Culture

This Is the Outdoor Cooking Event of the Summer

Play with Fire is a celebration of food, drink, music and just being outside
Fish & Game, Hudson Summer Event 2018
Photo: Play with Fire

First, you roll down a gravel driveway under a canopy of trees. Then you walk through a swamp, over a curving wooden footbridge, into a pine grove covered with wildflowers. There, you find massive sculptures and people cooking over open fire, eating happily and listening to music. It's part Twilight, part Woodstock, part Stranger Things and entirely Zak Pelaccio.

Well, Pelaccio and a crew of top chefs, mixologists and an incredible sculptor. Back on Saturday, August 11 from 3 p.m. to 9 p.m. at Fish & Game Farm for the second time is Play with Fire, and it's the best possible reason to cut out of the city for the day.

 

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Pelaccio is the chef at Fish & Game, a renowned oasis of a restaurant in Hudson, New York, and the event is an all-day celebration of live fire, whole-animal cooking, world-class chefs and impressive sculptures. The first iteration happened back in 2014, and now it's back ("people kept asking me to do it again," he says) with larger-than-life sculptures from Hudson Valley artist (and Pelaccio's friend) Kris Perry.

Though the two have done smaller collaborations in the past, it's nothing like the scale of this event, which takes place on the restaurant's 170-acre farm. Each sculpture houses a cooking apparatus for a chef in the power lineup—think Victoria Blamey, Sam Mason from Oddfellows Ice Cream, the Four Horsemen chef—and each chef will have a signature live-fire dish. There'll be grilled cucumber salad from Estela's Ignacio Mattos, pane griglia with ricotta, zucchini and basil from the King duo and many more—plus drinks from both the Broken Shaker team and the Cosme/ATLA beverage director.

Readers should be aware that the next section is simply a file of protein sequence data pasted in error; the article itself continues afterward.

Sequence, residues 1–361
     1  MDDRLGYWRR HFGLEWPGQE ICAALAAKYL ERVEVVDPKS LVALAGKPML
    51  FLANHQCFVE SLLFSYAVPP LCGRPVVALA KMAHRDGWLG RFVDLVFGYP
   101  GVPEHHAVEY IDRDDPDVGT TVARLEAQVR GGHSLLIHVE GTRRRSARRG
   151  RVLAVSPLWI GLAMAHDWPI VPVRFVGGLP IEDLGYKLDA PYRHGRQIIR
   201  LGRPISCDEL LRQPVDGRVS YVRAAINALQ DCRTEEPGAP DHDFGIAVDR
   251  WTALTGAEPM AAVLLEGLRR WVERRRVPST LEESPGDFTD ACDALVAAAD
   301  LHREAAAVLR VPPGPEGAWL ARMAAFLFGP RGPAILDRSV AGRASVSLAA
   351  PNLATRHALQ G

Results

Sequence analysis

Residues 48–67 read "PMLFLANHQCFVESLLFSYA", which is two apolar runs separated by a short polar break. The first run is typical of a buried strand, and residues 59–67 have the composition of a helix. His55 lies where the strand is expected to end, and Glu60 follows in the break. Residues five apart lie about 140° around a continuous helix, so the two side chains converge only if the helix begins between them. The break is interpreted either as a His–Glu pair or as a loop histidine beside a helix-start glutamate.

Photo: Kris Perry

You'll also be doing some good while you have a good time—proceeds will help benefit The Heirloom Foundation, the Charleston-based nonprofit that helps improve quality of life for hospitality employees. "This has been a strange year with friends and family members who have dealt with bouts of depression," Pelaccio says, explaining how he's drawn to the foundation's broad wellness approach. "It's not specific to treatment; they make it sustainable and nurturing on a long term basis," he says. His passion for the issue is clear, as he touches on how The Heirloom Foundation improves the kitchen and restaurant community by paying a living wage, investing in different charities, helping to fund research projects, and more.

Stick around until the end of the night to catch the giant bonfire, complete with flaming hoop dancers and live electro-psychedelic music. This isn't the 1960s, it's just what life is like when you escape the city for a day.

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